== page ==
Why were attempts to detect the influence of the Earth’s motion on the results of a laboratory experiment made to test Einstein’s principle of relativity?
It is difficult to test the general theory of relativity, since in ordinary laboratory conditions its results almost completely coincide with what Newton’s law of universal gravitation predicts. Nevertheless, several important experiments have been carried out, and their results allow the theory to be considered confirmed. In addition, general relativity helps explain the phenomena that we observe in space – for example, slight deviations of Mercury from a stationary orbit, which are inexplicable from the point of view of classical Newtonian Mechanics, or the curvature of electromagnetic radiation from distant stars when it passes in close proximity to the Sun.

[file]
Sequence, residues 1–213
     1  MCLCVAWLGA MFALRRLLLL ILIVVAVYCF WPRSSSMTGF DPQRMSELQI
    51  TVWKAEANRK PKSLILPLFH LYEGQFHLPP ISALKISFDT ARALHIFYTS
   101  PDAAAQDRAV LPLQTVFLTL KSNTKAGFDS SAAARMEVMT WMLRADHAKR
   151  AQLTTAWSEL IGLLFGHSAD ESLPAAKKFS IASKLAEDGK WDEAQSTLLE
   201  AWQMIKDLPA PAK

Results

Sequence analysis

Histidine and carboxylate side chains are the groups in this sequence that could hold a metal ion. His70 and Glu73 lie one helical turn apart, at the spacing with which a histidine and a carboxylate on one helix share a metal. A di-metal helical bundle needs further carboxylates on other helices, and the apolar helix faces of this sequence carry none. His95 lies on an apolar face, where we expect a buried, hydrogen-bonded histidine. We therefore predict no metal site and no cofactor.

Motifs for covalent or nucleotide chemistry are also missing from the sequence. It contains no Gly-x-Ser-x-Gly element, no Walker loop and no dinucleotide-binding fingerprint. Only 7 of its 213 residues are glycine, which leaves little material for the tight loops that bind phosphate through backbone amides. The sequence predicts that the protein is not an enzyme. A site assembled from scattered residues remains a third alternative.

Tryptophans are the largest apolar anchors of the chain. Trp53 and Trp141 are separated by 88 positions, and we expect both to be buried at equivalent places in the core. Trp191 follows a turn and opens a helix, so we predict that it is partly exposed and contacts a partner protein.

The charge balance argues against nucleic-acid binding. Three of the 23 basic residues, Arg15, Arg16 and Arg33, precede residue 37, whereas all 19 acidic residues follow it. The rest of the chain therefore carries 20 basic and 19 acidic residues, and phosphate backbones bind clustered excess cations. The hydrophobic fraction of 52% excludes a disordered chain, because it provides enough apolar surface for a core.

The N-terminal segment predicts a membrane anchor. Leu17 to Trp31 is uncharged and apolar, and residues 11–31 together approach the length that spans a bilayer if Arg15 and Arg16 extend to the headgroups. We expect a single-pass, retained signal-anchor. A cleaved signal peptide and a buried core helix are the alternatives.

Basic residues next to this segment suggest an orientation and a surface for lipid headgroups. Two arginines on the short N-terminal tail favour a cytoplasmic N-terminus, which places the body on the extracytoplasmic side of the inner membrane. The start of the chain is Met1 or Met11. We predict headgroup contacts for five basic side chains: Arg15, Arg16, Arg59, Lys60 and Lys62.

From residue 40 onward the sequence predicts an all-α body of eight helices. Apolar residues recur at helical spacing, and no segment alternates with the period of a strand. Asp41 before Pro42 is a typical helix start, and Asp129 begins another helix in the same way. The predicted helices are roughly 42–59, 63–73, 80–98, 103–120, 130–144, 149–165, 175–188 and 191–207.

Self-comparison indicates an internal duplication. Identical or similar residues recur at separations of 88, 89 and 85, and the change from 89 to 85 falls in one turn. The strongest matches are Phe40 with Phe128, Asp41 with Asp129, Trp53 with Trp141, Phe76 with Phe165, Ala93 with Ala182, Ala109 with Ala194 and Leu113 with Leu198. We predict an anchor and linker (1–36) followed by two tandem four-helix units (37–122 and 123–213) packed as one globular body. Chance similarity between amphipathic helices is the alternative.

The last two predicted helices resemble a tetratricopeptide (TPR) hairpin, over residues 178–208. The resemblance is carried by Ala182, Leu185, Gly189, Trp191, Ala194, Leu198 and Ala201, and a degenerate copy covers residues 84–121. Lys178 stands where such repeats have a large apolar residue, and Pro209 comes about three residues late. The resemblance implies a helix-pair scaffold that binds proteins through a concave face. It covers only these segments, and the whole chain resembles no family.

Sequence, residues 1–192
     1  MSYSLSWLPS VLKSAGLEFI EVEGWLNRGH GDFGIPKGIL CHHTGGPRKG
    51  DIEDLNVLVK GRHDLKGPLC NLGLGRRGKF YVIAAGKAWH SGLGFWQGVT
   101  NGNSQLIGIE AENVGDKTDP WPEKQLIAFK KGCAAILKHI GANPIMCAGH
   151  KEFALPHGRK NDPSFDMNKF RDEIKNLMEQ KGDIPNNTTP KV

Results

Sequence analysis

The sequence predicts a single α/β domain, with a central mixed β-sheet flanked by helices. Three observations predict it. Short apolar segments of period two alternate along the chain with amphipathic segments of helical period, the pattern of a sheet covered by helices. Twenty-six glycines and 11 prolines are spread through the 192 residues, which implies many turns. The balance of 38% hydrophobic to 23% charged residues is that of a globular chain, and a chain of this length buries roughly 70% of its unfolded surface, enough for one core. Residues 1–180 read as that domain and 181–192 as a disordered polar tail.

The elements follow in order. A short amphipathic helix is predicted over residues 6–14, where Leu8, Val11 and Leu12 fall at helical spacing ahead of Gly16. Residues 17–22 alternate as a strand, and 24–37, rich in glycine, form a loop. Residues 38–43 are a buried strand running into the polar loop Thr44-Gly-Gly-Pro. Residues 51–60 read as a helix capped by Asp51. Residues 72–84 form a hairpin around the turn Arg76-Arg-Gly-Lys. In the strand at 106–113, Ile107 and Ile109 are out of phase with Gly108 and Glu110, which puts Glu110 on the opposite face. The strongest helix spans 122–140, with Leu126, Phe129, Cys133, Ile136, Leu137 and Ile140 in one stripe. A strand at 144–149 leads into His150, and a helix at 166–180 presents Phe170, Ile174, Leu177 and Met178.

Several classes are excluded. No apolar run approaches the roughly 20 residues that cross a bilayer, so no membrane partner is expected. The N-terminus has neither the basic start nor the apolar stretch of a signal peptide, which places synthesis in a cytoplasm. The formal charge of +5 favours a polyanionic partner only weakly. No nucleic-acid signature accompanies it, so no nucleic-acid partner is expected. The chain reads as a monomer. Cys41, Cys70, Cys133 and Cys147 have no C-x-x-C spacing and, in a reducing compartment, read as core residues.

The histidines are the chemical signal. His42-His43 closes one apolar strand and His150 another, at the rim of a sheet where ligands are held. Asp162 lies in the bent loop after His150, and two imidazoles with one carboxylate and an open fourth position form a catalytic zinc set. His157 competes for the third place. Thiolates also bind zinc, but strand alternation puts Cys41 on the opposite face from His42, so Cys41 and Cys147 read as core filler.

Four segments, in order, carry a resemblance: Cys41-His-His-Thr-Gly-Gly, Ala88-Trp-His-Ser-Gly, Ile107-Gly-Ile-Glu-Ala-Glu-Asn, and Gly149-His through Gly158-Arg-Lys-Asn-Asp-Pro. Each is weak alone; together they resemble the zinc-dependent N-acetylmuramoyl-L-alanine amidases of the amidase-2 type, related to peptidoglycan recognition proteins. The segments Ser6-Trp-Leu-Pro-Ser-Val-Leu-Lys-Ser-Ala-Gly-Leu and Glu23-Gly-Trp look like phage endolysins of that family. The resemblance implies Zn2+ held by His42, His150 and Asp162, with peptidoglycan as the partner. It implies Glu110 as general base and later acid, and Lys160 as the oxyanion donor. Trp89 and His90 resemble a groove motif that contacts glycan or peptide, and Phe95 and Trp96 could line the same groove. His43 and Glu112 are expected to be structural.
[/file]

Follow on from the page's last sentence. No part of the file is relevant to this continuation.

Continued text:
In fact, the results predicted by general relativity differ markedly from the results predicted by Newton’s laws only in the presence of super-strong gravitational fields. This means that for a full-fledged test of the general theory of relativity, either ultra-precise measurements of very massive objects or black holes are needed, to which none of our usual intuitive ideas are applicable. So the development of new experimental methods for testing the theory of relativity remains one of the most important tasks of experimental physics.
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